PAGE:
Avalara MyLodgeTax > Blog > State and Local News > Chelan County steps up enforcement of short-term rental laws

Chelan County steps up enforcement of short-term rental laws

  • Aug 16, 2022 | Jennifer Sokolowsky

Chelan County

Chelan County’s code enforcement department is now fully staffed and the county is planning to crack down on illegal short-term rentals. Hosts who continue operating after receiving a warning letter can face fines of $750 per day.

As of July 2021, Chelan County Community Development estimated that up to 1,300 illegal short-term rentals were doing business in the county.

The county passed its vacation rental regulations in August of 2021. The ordinance requires short-term rental operators to get a permit and divides short-term rentals into different tiers according to occupancy capacity. All vacation rentals must operate out of an owner’s primary dwelling or a legally established accessory dwelling unit.

The rules cap short-term rentals at 6% of total housing units in unincorporated Chelan County; in the Manson area, the limit is 9%. The caps apply to properties that house more than eight people and are non-owner occupied.

Since passage of the short-term rental law, the county has issued 721 tier one permits, which apply to vacation rentals that are owner-occupied and rented a maximum of 15 days in a calendar year.

Tier two permits are issued to short-term rentals that are not owner-occupied and have a maximum occupancy of 12 people. Tier three permits apply to properties that have a maximum occupancy of 16 and can be either owner-occupied or non-owner occupied.

Under Chelan County’s law, short-term rental owners must designate an agent who can be available to respond to issues at the property within 60 minutes. Hosts must also follow rules on parking, garbage, noise, and occupancy. Vacation rental properties that have two noise disturbance violations within six months may face revocation of their licenses. Vacation rental hosts are also required to apply for conditional use permits for larger events such as weddings.

In September 2021, the county changed the short-term rental code to require existing operators to immediately comply with certain health and safety requirements in order to qualify for a valid permit, rather than having one year to come into compliance. The state Growth Management Hearings Board ruled that the county must change that provision. County commissioners rolled the provision back in May, meaning that existing hosts would have the original amount of time to meet requirements.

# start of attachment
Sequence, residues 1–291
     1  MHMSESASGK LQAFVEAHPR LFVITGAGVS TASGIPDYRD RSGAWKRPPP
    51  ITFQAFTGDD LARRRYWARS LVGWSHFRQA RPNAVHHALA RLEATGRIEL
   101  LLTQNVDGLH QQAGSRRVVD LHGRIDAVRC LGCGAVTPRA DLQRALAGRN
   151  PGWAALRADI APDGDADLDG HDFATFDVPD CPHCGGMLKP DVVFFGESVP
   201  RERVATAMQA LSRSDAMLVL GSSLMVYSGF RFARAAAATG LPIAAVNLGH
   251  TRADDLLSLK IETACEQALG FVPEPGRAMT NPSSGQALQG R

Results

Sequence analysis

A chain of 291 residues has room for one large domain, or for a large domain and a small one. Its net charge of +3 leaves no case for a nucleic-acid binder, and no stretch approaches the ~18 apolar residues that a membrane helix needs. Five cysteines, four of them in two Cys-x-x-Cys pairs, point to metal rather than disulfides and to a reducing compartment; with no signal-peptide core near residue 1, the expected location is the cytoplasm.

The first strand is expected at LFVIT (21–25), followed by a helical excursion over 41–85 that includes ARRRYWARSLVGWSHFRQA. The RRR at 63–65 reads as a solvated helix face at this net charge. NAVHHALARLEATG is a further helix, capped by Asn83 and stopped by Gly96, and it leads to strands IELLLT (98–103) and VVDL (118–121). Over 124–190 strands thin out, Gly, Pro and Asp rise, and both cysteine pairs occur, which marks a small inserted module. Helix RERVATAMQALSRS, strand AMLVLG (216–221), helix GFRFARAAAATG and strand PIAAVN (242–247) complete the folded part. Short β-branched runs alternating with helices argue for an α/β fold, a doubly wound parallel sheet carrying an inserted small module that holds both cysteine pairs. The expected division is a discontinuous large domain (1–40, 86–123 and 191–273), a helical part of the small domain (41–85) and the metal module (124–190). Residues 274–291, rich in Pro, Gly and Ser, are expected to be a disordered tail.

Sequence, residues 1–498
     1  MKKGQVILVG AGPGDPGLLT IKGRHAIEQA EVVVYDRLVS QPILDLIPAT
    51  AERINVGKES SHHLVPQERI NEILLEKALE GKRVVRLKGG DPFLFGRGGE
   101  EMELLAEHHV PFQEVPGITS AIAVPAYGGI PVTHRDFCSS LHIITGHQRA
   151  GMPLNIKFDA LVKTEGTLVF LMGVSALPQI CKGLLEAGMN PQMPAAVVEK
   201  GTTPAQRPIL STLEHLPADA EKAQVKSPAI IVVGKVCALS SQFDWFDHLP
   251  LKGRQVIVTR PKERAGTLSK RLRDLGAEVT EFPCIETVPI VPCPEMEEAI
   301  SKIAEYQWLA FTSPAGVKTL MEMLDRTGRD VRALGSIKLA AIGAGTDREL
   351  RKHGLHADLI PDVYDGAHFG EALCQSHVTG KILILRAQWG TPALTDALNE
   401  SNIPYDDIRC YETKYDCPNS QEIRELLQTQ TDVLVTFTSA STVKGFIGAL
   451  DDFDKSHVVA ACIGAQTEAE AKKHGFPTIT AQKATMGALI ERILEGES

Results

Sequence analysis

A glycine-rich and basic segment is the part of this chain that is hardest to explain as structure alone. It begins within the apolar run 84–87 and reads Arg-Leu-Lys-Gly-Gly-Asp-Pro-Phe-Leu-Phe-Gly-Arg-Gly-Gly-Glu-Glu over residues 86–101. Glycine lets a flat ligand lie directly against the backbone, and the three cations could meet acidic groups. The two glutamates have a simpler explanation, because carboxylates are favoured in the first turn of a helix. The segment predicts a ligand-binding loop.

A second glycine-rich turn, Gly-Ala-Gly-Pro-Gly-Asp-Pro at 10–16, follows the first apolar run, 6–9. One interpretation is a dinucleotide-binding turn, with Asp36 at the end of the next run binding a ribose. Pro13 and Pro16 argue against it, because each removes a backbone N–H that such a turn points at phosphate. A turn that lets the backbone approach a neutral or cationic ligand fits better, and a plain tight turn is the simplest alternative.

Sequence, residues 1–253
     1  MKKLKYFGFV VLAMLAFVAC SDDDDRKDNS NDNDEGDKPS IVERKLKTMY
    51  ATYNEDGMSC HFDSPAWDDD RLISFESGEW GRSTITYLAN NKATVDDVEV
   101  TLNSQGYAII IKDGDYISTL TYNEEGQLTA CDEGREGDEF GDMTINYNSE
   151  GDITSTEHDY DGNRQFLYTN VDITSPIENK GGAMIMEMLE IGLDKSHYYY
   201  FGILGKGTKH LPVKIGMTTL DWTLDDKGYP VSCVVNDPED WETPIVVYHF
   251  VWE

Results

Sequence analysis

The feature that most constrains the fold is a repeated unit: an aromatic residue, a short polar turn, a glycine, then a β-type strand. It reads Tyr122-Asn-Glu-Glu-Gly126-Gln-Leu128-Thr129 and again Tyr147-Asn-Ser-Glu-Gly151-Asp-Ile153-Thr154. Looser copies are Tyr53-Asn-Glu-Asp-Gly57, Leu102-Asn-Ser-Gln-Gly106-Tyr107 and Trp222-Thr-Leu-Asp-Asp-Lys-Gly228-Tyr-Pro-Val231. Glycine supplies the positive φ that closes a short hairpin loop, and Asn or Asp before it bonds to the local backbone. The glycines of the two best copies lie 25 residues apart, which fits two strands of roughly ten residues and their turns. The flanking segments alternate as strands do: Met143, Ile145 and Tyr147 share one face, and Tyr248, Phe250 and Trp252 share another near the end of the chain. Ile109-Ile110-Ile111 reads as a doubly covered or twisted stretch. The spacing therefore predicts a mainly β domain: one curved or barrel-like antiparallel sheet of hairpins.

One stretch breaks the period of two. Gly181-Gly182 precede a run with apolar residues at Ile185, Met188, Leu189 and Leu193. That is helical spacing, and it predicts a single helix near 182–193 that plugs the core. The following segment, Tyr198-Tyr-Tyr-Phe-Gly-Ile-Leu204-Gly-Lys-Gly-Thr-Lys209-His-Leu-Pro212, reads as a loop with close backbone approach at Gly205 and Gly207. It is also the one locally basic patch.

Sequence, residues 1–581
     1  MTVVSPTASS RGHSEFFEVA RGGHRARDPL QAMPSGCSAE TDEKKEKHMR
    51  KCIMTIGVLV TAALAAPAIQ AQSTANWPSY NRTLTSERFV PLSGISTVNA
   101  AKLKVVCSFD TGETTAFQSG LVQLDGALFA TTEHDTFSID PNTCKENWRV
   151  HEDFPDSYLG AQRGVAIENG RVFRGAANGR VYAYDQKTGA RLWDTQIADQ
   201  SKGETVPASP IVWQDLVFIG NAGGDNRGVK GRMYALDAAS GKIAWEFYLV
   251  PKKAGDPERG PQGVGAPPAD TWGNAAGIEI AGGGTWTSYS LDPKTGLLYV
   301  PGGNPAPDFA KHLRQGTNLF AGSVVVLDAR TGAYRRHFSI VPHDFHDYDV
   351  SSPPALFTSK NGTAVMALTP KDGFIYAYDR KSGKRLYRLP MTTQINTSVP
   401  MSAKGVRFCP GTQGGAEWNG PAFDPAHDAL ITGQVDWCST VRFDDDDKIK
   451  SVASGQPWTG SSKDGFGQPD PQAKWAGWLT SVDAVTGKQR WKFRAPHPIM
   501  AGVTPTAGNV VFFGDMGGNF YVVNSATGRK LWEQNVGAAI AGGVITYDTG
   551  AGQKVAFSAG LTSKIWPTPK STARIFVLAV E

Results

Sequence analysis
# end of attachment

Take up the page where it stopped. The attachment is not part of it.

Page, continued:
Chelan County short-term rental hosts are required to collect state and local lodging taxes from their guests and pass them on to tax authorities. Both Airbnb and Vrbo collect state and local lodging taxes for Washington state hosts.

Even though these marketplaces collect lodging taxes on behalf of operators, Washington state hosts are still required to register with the state Department of Revenue and file lodging tax returns reporting their rental income.

Washington state vacation rental hosts whose taxes are not collected by marketplaces are responsible for registration, collection, and filing of all taxes due on their short-term rentals. MyLodgeTax can help Washington state short-term rental hosts automate and simplify lodging tax compliance.

For more on short-term rental taxes in Washington state, see our state vacation rental tax guide. If you have tax questions related to vacation rental properties, drop us a line and we’ll get back to you with answers.

Lodging tax rates, rules, and regulations change frequently. Although we hope you'll find this information helpful, this blog is for informational purposes only and does not provide legal or tax advice.
Avalara Author
Jennifer Sokolowsky
Avalara Author Jennifer Sokolowsky
Jennifer Sokolowsky writes about tax, legal, and tech topics. She has an extensive international background in journalism and marketing, including work with The Seattle Times, The Prague Post, Avvo, and Marriott.

Learn more about WA lodging tax rules